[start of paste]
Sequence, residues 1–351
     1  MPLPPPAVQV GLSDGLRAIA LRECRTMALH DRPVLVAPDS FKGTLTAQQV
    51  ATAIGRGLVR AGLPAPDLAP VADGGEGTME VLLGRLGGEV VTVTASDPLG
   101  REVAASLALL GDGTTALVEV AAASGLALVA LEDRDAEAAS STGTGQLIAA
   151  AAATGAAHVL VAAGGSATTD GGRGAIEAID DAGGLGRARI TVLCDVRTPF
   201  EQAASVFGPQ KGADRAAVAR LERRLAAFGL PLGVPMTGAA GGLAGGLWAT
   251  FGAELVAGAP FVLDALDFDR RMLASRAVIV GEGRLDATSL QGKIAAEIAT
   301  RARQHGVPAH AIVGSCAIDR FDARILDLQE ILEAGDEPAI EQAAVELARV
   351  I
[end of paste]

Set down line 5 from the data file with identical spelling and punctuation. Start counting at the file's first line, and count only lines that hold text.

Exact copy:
   151  AAATGAAHVL VAAGGSATTD GGRGAIEAID DAGGLGRARI TVLCDVRTPF